Drinking tea could be associated with a lower risk of mortality, a study has suggested.
When compared with those who do not drink tea, people who consumed two or more cups each day had between a 9% and 13% lower risk of mortality, researchers said.
The findings, published in the Annals of Internal Medicine, suggested the result was the same no matter whether the person also drank coffee, added milk or sugar to their tea, what their preferred tea temperature was, or whether there were genetic variants involved affecting the rate at which people metabolise caffeine.
This article shows that regular consumption ... is associated with a modest reduction in total and, especially, cardiovascular disease mortality over 10 years in a middle-aged, mostly white, adult general population
Fernando Rodríguez Artalejo
Of those, 89% said they drank black tea.
The study was conducted with a questionnaire answered from 2006 to 2010 and followed up over more than a decade.
Fernando Rodríguez Artalejo, professor of preventive medicine and public health at the Autonomous University of Madrid, described the research as representing “a substantial advance in the field”, saying most studies had been done in Asia, where green tea is the most widely consumed, and the few outside Asia were “small in size and inconclusive in their results”.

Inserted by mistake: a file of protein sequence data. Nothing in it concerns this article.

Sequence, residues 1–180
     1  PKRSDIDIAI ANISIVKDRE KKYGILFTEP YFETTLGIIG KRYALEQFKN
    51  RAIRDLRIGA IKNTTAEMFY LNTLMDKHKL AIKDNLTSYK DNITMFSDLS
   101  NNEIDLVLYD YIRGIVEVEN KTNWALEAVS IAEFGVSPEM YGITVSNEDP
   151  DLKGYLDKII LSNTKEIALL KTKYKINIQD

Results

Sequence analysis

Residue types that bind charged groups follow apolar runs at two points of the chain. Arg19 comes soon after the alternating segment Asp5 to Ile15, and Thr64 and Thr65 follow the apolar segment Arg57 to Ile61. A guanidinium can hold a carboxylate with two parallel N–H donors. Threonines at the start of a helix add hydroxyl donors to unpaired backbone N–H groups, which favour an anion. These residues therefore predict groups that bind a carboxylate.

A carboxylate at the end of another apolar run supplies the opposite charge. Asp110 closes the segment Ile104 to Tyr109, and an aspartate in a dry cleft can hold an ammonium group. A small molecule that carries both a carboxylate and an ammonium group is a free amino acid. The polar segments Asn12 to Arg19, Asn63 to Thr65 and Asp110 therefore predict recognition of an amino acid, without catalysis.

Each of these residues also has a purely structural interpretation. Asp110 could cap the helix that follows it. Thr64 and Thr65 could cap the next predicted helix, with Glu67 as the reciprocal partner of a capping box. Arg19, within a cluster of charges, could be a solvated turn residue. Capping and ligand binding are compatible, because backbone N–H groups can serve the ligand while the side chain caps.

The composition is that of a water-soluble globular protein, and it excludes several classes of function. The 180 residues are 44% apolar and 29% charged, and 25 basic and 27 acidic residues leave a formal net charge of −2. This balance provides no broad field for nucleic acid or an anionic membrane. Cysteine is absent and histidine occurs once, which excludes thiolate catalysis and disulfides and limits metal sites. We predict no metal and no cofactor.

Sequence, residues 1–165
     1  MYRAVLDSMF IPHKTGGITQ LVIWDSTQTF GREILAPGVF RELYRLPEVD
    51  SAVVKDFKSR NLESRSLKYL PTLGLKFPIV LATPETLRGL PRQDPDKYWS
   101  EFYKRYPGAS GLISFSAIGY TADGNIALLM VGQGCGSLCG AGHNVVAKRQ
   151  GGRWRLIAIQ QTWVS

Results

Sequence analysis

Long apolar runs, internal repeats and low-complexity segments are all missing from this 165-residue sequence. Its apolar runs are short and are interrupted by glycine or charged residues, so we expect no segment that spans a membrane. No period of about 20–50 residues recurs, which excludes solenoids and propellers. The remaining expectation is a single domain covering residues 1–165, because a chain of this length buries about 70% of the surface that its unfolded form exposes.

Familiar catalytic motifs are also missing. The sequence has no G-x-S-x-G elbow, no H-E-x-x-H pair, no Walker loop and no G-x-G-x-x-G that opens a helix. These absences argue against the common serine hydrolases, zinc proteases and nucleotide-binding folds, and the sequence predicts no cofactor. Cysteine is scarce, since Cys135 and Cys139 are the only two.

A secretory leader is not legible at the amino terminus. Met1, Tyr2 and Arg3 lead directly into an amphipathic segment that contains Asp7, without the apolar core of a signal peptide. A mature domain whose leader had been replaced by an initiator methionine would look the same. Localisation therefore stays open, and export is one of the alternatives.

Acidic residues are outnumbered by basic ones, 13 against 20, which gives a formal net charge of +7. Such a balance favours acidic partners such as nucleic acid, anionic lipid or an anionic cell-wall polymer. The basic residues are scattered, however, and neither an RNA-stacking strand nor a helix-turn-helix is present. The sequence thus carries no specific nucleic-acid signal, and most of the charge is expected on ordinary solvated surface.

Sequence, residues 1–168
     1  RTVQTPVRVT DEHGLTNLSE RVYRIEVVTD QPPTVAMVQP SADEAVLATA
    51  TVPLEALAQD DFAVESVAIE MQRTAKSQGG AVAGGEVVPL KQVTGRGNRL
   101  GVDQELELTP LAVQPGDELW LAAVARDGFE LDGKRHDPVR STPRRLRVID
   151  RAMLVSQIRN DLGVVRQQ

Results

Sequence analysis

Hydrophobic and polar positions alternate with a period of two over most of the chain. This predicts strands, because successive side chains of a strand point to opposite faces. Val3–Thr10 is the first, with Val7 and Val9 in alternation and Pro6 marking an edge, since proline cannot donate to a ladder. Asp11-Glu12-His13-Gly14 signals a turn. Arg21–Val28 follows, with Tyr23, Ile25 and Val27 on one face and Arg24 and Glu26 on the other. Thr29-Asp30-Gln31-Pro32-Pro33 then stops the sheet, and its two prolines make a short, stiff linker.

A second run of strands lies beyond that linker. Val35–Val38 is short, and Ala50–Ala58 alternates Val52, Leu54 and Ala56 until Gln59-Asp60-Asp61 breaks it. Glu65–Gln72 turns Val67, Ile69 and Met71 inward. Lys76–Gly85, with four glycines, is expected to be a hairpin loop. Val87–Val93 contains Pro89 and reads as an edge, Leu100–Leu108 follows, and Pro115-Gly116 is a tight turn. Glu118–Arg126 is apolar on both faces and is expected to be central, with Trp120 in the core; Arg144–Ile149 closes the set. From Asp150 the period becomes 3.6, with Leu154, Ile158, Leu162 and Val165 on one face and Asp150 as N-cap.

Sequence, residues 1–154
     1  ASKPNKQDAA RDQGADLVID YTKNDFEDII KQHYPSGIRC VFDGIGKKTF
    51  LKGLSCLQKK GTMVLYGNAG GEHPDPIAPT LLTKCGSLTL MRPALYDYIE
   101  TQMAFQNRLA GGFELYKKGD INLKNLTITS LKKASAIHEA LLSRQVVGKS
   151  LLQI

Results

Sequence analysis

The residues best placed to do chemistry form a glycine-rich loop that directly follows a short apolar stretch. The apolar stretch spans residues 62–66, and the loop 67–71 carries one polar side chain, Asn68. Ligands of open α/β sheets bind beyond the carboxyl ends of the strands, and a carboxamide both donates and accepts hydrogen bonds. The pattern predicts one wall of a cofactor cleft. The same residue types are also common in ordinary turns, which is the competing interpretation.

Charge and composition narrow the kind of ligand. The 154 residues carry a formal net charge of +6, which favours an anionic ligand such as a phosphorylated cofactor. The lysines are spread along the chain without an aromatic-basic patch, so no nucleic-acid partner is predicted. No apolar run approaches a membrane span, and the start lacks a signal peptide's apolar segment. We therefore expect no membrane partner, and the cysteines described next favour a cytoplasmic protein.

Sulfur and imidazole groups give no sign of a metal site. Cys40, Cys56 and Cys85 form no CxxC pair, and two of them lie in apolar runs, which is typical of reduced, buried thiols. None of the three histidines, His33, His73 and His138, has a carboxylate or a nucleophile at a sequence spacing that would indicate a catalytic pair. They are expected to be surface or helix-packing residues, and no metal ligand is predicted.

He said: “This article shows that regular consumption of black tea (the most widely consumed tea in Europe) is associated with a modest reduction in total and, especially, cardiovascular disease mortality over 10 years in a middle-aged, mostly white, adult general population.”
He said the study does not definitively establish that tea is the cause of the lower mortality of tea drinkers, because it cannot exclude that this is down to other health factors associated with tea consumption.
Another question which remains unanswered is whether people who do not drink tea should start doing so to improve their health.
He said: “Studies should be done with repeated measurements of tea consumption over time and compare the mortality of those who do not consume tea on a sustained basis with that of those who have started to consume tea or have increased their consumption over time, and those who have been drinking tea for years.”